Wine Festival in the Park

John Garlich of Bookcliff Vineyards, left, stands with Jackie and Mike Thompson of Boulder Creek Winery during Saturday’s Festival in the Park. Injuries suffered by Mike Thompson in a recent bike accident left him temporarily unable to drive and Garlich drove 10 hours round-trip from Boulder to Palisade and back to pick up 10 tons of fresh-picked grapes for the Thompsons.



The Colorado Association for Viticulture and Enology announced Monday an estimated 5,846 people attended the Festival in the Park, setting a 22-year attendance high.

“This festival takes over Palisade and the Grand Valley, putting our unique culture and wine industry on display,” said Cassidee Shull, the executive director of the Colorado Association for Viticulture and Enology, the nonprofit organization that organizes Winefest. “We love to see the tremendous support of Colorado wine from all across the state.”

The Grand Junction Visitor and Convention Bureau estimates the festival — which creates the busiest tourist weekend of the year for the Grand Valley — has between $750,000–$1 million in economic impact.

Amid the bustle of Saturday’s Festival in the Park was the sight of Mike Thompson wearing a neck brace and doing his best not to help too much.

Thompson and his wife Jackie own Boulder Creek Winery in Boulder and when he isn’t involved with the winery, Mike usually can be found running or riding his bike in preparation for a marathon or half-marathon.

It was while training earlier this month for a half-marathon that Mike had a bike accident leaving him with four fractured vertebrae, one in his neck and three mid-spine.

He said he was riding along a Boulder bike path when he ran into a mountain biker who had stopped on the trail to answer his cell phone.

“It was all my fault,” said Mike, a bright-pink scar etched on his forehead where part of his injuries needed nine stitches. “I saw him and thought he was far enough ahead, so I put my head down and didn’t see he had stopped.”

The other rider wasn’t injured.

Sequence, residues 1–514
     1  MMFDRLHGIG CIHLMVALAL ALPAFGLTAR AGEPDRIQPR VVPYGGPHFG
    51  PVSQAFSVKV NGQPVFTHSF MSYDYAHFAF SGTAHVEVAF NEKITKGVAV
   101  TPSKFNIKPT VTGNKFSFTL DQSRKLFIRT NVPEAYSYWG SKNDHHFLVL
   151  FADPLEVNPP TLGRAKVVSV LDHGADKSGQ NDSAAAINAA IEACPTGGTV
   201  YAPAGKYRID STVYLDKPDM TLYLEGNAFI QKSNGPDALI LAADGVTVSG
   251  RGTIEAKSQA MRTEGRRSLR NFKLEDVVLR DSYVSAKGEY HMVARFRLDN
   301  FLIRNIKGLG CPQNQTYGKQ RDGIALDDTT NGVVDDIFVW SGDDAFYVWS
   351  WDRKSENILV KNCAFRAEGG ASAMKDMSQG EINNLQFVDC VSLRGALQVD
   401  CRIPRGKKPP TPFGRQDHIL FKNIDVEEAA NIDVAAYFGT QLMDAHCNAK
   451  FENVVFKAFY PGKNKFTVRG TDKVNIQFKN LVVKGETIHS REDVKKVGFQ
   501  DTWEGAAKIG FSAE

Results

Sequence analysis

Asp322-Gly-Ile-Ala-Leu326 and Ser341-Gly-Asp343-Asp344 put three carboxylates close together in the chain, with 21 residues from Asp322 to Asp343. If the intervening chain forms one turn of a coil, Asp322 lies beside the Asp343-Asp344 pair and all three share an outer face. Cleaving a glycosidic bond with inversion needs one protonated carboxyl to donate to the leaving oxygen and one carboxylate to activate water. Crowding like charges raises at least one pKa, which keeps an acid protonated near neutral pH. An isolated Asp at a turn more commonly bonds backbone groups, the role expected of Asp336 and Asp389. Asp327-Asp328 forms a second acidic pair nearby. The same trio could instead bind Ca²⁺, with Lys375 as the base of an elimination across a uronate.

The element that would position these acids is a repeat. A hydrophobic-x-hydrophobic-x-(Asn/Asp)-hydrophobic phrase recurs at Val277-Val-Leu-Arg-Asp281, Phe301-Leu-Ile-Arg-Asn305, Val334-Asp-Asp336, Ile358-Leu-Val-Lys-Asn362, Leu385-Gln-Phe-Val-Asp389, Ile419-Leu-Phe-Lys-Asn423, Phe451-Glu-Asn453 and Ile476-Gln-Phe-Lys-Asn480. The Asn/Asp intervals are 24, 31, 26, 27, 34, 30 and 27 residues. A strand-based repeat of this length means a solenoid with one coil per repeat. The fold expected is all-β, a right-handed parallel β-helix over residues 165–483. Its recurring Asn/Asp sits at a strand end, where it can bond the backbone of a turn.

While Thompson’s injuries heal, he’s wearing the neck brace and limited to light work, which can be tough duty for a guy not accustomed to simply standing around.

“He shouldn’t be lifting at all,” said Jackie, eyeing her husband as he fidgeted about the booth. “He refused to stay home so I have him running the cash machine today.”

The good news is Mike expects to be back training soon, although when suggested he’ll be running by November, Jackie looked skeptical.

“Maybe,” she said. “He’s hard to keep quiet.”

The accident came at the worst time for a winemaker — the Thompsons had a crew picking their sauvignon blanc grapes that very day in the Grand Valley, and the timing of getting grapes to the winery is critical.

“Mike was just getting out of the hospital so I decided I would make the 10-hour drive over here and pick up the grapes and then we’d figure out how we were going to get them crushed and everything,” said Jackie. “I was not looking forward to that and then John (Garlich) called.”

Garlich and his wife Ulla Merz operate Bookcliff Vineyards in Boulder and grow 35 acres of grapes in the Vinelands area south of Palisade.

Garlich volunteered to drive to Palisade, pick up the Thompson’s grapes and get them to Boulder.

“He did even more,” Jackie said. “John got the grapes and had them crushed and pressed at his winery and then he put the juice in a portable tank and trucked it to my winery.”

“It saved the day for me and saved that batch of wine.”

It’s not unusual, said Garlich, for Colorado’s winemakers to lend a helping hand when other winemakers are in need of assistance.

“It’s a tough business already, why make it tougher for each other?” he asked, downplaying his role.

Several wineries were hit by the flooding that destroyed homes and businesses across the Front Range.

The website for Creekside Cellars in Evergreen shows a brooding Bear Creek climbing close to the winery, and several people this weekend said winemaker Michelle Cleveland was able to save her wine despite some two feet of water in the winery.

Snowy Peaks Winery in Estes Park wasn’t damaged but was inaccessible for several days, as was the entire town.

With access to Estes Park limited to the Peak-to-Peak Highway or across Trail Ridge Road, the winery’s website offers an upbeat view, saying the tasting room has re-opened and grapes will start arriving this week.

Mike Buell of Turquoise Mesa Winery in Broomfield said his winery will help Snowy Peaks make it through the vintage.

The website for Caitano’s Winery, whose tasting room at the Rock N River Day Resort in Lyons suffered extensive damage, says the winery is closed until further notice.


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